For recently-planted trees from potentially infected source, we will continue with the exercise to trace sites as an interim measure. We will continue to use our statutory control powers to contain recently-planted infected sites and to restrict the movement of infected material from the site. We will only require infected stock to be destroyed where it represents a significant threat of spreading the disease to uninfected ash trees.

However, we now understand that the complexity and the scale of this exercise means that it would take many months, if not years, to identify all the sites that could be affected. In some parts of the country, where the disease is already well-established in the natural environment, destroying young diseased trees is likely to provide little benefit. However, in other areas, where the disease is not yet present in the wider environment, action against diseased young trees could delay its incursion.

Further work is also required to fully understand the costs and effectiveness of focusing on the destruction of diseased young trees. Costs would, for instance, include costs for detection, surveillance, sampling, removal and disposal, and depend heavily on the number of sites involved. Benefits would consider economic, environmental and social issues.

We will undertake further work, with support from modelling, and an analysis of the costs and benefits, to fully understand where the decision to trace and destroy young trees will be most effective.

6

The modelling and analysis could also contribute to protecting sites of particular ecological, landscape, recreational or cultural value.

Over the next few months, we will work with stakeholders and experts to develop the evidence, including outputs from epidemiological models, and to consider the case for geographically targeted action against recently-planted trees. We will continue to work at pace on this issue so that, if the benefits of action outweigh the costs, we have time to act before the fungus releases its spores next summer.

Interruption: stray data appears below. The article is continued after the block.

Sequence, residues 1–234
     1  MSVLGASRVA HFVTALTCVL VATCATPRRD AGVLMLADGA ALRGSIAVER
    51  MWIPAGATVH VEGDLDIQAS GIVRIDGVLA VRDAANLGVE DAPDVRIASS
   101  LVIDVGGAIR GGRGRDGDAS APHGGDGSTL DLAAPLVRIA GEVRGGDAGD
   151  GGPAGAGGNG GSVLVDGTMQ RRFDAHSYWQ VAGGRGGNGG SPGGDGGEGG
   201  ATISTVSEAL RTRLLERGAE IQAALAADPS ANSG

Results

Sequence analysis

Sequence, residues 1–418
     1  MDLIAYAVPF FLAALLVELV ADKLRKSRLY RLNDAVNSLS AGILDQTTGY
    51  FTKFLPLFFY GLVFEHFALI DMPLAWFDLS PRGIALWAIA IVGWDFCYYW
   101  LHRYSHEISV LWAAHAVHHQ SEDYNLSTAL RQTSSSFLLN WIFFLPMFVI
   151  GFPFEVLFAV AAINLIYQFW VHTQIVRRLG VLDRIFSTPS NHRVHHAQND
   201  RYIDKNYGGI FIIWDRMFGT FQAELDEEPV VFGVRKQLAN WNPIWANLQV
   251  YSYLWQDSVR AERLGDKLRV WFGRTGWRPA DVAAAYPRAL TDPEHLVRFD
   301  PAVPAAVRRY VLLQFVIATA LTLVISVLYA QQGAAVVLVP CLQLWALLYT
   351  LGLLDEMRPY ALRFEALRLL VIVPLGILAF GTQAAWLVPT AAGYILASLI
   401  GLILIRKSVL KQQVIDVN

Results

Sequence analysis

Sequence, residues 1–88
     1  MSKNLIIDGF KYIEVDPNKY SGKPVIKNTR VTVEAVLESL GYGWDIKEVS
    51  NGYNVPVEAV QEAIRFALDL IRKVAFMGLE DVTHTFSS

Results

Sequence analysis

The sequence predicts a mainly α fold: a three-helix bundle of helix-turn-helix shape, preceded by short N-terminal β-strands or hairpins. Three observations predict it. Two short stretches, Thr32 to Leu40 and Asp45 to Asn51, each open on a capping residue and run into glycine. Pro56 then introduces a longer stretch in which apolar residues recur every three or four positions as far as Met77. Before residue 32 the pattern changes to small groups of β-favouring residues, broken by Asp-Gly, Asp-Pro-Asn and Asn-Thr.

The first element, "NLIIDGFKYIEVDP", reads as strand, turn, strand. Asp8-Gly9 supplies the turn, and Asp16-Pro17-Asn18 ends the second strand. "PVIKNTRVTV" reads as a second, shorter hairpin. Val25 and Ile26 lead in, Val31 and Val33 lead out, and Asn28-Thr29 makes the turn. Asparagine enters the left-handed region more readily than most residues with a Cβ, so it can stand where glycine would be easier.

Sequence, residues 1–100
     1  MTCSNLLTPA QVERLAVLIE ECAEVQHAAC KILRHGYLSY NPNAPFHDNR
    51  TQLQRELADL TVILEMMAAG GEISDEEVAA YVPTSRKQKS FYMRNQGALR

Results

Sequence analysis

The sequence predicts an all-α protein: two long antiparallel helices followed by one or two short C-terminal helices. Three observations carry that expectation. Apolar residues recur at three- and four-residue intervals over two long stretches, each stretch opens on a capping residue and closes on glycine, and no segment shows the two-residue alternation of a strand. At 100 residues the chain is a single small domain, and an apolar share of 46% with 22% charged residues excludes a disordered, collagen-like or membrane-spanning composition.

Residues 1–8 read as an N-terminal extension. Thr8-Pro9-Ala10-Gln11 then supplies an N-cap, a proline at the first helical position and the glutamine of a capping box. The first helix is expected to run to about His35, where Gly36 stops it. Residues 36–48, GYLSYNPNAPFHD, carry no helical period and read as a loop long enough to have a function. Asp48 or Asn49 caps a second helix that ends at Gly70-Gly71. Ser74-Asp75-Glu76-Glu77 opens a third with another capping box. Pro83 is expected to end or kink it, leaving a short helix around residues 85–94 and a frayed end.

For infected mature trees we will require no action in most cases. We will initiate research at some of these sites to assess spore production under different management regimes and use that to enhance our understanding of how the disease spreads. However, there may be some instances where there is a strong rationale for felling mature trees to slow the spread of Chalara, for example if they are isolated trees a long way from other areas of infection, or to protect valuable sites and where they have no outstanding socio-environmental value in their own right. As part of the modelling work described above, we will consider whether a similar geographically differentiated approach to mature trees would be beneficial.

Targeted advice and guidance

The main pathway for transition of Chalara over the winter is through movement of leaf litter. We have worked with partners to produce advice targeted at different audiences with the aim of reducing this risk. This includes:

 Detailed advice to local authorities on the disposal and composting of ash leaves which has been developed in consultation with the Environment Agency, the Food and Environment Research Agency, the Forestry Commission. This was published online on 28 November (http://www.forestry.gov.uk/forestry/infd-92gjvb);

 Chalara advisory signs for woodland visitors have been published in downloadable form on the Forestry Commission website, for use in affected areas and also for more general use (http://www.forestry.gov.uk/forestry/INFD-8ZZJPN).

 The Highways Agency and Network Rail have worked closely with the Forestry Commission to develop guidance for staff working on their networks about the handling and disposal of ash material.

 To mark The Tree Council‟s National Tree Week, a series of very simple, sharable digital postcards have been produced for wide distribution on Defra‟s and partner organisations‟ social media channels. The postcards are targeted at five different groups of people: cyclists, gardeners, horse riders, walkers and families and provide easy-to-follow advice on how to avoid transmitting ash leaf litter between sites.

 We have provided advice for a National Trust-funded poster on general plant biosecurity for those who work in forests and woodlands. This will be launched by National Trust and Woodland Trust in December.

7

We will continue to update information and guidance as necessary and consider the need for additional advice on issues such as safety arising from the impact of Chalara.

8

Objective 2 – Developing resistance

Summary of key actions

To meet this objective we will:

 Work across Europe to share data and experience on resistance to Chalara

 Work with research councils and other bodies to identify and prioritise research needs on resistance and ensure those needs are met.

Our best hope of securing the future of the British ash tree lies with understanding the genetic variability in ash and identifying resistance to Chalara. This may take several years.